Cardano’s Second Great Encyclopedia of Science & Nature

Cardano, Girolamo (1501-1576)

De rerum varietate libri XVII.

Basel: Heinrich Petri, 1557


Thick octavo: 17 x 11 cm. [32] (the last two blank), 1194 (i.e. 1204), [64] pp. Collation: a-b8 (b8 blank), A-Z8, a-z8, aA-zZ8, AA-KK8. With an added foldout woodcut illustration of an astrolabe (p. 769), a separate sheet with volvelles loosely inserted, and a folding table (p. 791.)


Bound in contemporary alum-tawed pigskin over wooden board, lacking clasps, blind-ruled in compartments and tooled with stamps of the Evangelists and acanthus rolls alternating with medallion portraits of Luther, Jan Hus, Erasmus, and others. The text itself is in excellent condition; bright and crisp. With a portrait of Cardano on the verso of the title, numerous small woodcuts in the text, and the folding table and astrolabe mentioned above. The sheet with the volvelles for the astrolabe is intact. Provenance: Georg Agricola, Bishop of Seckau from 1572 to 1584, inscription on f.f.e.p. A second 16th c. inscription with the name Balthasaar Braun appears on the title, along with a monastic inscription from the library of the monastery at Windberg.

The “De rerum varietate” is Cardano’s second important encyclopedia of science, mechanics, and metaphysics; it covers all aspects of the natural world, “from cosmology to the construction of machines; from the usefulness of natural sciences to the evil influence of demons; from the laws of mechanics to cryptology. It is a mine of facts, both real and imaginary; of notes on the state of the sciences; of superstition, technology, alchemy, and various branches of the occult. The similarities between the scientific opinions expressed by Cardano in these two works and those of Leonardo da Vinci, at that time unpublished, have led some historians... to suppose that Cardano has used Leonardo's manuscript notes; others insist that the similarity is entirely coincidental. Be that as it may, Cardano must always be credited with having introduced new ideas that inspired new investigations.' (DSB III, 66)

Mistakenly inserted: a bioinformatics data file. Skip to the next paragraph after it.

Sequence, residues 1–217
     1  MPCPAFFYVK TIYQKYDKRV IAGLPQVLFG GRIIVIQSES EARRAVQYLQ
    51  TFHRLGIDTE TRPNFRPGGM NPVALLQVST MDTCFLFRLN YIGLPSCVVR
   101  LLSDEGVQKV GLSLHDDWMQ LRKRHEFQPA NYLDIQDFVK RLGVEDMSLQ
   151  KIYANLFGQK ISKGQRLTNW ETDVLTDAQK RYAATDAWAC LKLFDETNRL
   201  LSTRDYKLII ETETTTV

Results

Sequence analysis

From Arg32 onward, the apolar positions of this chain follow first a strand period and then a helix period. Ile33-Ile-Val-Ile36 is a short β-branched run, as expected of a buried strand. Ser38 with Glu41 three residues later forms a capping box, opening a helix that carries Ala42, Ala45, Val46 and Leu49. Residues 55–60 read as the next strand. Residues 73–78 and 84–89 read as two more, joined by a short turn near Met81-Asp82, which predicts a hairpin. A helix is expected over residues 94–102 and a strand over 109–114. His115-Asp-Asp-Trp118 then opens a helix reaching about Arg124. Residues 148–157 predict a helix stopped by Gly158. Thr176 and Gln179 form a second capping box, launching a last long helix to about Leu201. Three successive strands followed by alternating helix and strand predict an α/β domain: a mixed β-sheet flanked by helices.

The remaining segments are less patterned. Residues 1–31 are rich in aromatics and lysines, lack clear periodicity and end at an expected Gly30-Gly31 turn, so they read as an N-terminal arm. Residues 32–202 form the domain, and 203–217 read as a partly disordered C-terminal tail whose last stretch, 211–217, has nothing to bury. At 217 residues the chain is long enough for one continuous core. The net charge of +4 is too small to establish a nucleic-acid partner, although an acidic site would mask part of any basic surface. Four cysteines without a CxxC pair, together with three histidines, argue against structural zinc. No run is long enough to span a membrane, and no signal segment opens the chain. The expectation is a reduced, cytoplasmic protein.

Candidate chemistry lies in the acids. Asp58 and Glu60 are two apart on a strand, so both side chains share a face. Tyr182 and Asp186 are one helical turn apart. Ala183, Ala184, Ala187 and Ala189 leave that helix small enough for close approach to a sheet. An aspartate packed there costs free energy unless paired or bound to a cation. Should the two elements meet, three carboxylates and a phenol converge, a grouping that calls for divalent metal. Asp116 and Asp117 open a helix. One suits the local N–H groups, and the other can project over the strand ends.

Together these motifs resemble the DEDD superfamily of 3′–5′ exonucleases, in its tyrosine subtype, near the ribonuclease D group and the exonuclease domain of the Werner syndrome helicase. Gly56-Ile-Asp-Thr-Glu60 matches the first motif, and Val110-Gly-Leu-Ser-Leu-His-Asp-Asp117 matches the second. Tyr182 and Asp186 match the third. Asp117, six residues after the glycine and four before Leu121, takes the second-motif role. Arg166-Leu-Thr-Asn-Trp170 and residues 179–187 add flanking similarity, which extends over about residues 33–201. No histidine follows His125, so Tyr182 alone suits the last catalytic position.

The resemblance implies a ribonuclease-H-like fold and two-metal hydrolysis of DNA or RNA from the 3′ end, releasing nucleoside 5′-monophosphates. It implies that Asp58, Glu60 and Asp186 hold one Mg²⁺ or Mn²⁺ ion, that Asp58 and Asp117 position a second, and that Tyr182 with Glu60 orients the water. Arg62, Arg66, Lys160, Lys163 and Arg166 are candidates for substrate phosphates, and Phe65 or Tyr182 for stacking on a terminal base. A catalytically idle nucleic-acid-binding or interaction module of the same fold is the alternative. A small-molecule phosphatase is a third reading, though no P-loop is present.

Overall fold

“The work forms a sequel to De Subtilitate, and, together with it, contains the author's notions on physics and metaphysics. Of special chemical interest is Book X (p. 375-410), comprising one chapter on fire... a chapter on distillation with woodcuts of apparatus, and a chapter on chemistry. It finishes by a chapter on glass.”(Duveen). The book also includes chapters on glass, metals, mineralogy, botany, zoology, experiments of various kinds, astronomy, astrology, etc.

VD 16, C 920; IA 132.071; Duveen 117; Thorndike V, 563 ff.; Cf. Ferguson I, 141; Sinkankas 1145